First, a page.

Everyone wanted to know why Eric Harris and Dylan Klebold gunned down 13 people and injured 24 more after the Columbine shooting in 1999. Experts spoke at length about why it happened, but J.C. Pohl of Teen Truth feared the wrong people were being asked. He felt answers resided with ordinary students.
A movie producer by trade, Pohl responded by asking teens to video their lives to gain their perspective. The resulting videos inspired Pohl’s message of giving students a voice about their school community and motivated him to produce more videos focused on bullying, drug use, self-esteem, and parenting. These were the beginnings of Teen Truth.
Pohl founded Teen Truth in 2006 to help students find their voice. His company serves as a resource to schools to create healthy communities by preventing negative reactions to pressures that students experience.
Pohl says, “I carry them [the shooters of Columbine] with me in my heart every time I take the stage and just say, ‘There are kids on this campus who are hurting and not having a positive experience, so what can I do to inspire them to find a positive experience and find their voice?’”
Pohl argues that students face pressures from numerous directions, but students feel compelled to mask their feelings. This concealment results in isolation and pain, forcing some toward negative outlets like drugs, alcohol or self-harm. Teen Truth challenges student leaders to take charge of their school cultures by voicing the pressures they face and creating action plans.
Nearly sixty student leaders from six middle schools and high schools in the Anchorage/Eagle River area gathered at West High School on Friday, October 6 for a leadership summit hosted by Pohl.
Some of the issues students identified during the Summit included depression, anxiety, suicide, bullying, cyberbullying, cultural divides, sexual pressures, lack of plans for the future, issues with self-acceptance, and making comparisons to others. Pohl challenged students to create action plans to address them because “Leaders act!”
“If students are honest and take the mask off,” Pohl said during the Summit, “they find that they are not alone!”
Some of the solutions created by students included hosting diversity assemblies, using social media to compliment others, posting sticky notes on students’ lockers with positive messages, and acknowledging pressures that most teens face.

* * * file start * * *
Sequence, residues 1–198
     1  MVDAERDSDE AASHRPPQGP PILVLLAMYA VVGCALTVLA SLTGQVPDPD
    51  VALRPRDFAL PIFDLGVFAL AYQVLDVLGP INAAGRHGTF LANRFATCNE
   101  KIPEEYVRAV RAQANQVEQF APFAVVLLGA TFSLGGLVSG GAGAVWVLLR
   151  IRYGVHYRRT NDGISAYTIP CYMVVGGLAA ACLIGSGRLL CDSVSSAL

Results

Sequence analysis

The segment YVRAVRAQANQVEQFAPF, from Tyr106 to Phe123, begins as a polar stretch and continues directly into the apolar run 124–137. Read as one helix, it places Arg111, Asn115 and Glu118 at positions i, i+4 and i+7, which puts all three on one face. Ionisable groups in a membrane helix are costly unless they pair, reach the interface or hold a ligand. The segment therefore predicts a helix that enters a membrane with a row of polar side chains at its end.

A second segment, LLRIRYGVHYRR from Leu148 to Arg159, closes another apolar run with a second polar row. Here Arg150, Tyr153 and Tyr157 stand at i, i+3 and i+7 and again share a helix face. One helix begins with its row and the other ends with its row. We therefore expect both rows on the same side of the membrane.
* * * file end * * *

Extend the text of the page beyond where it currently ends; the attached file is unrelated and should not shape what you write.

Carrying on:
Lifetouch, a photography company specializing in school photos, sponsored the Teen Truth Leadership Summit on Friday, in addition to school sponsoring assemblies in Palmer and Wasilla. Lifetouch is coming alongside students, teachers, and administrators to enact plans after the Summit.
Sarah Rutkowski, a territory manager for Lifetouch, worked for over a year to bring Pohl to Alaska. She is excited about using Teen Truth as a foundation to help student leaders consider ways to improve their school cultures. After students formulate strategies, staff members from Lifetouch will aid them in turning their ideas into realities.
“So often an inspirational speaker will come in and get people thinking,” Rutkowski said, “but how we keep that excitement going is what I am really excited about.”
Local teens returned to their schools with a new appreciation for the potential of student leadership to impact the cultures of their schools and make lasting change.
“My group talked about how family issues really impacted our school,” Brooklynn Johnson of Romig Middle School said. “We decided we wanted to help prevent [family conflicts] by having a family game night or board game night. We would put on board games or movies that would help them stay together.”
“I think we should be a lot more social,” Johnson continued. “All of us seem to have own little cliques, and I feel like we should be more social and start letting more people in instead of making them invisible.”
Jamin Goeckerholds a graduate degree in International Affairs from Texas A&M University. When not hiking, fishing or working out, he is editing his manuscript for a novel. To reach Jamin, email email@example.com.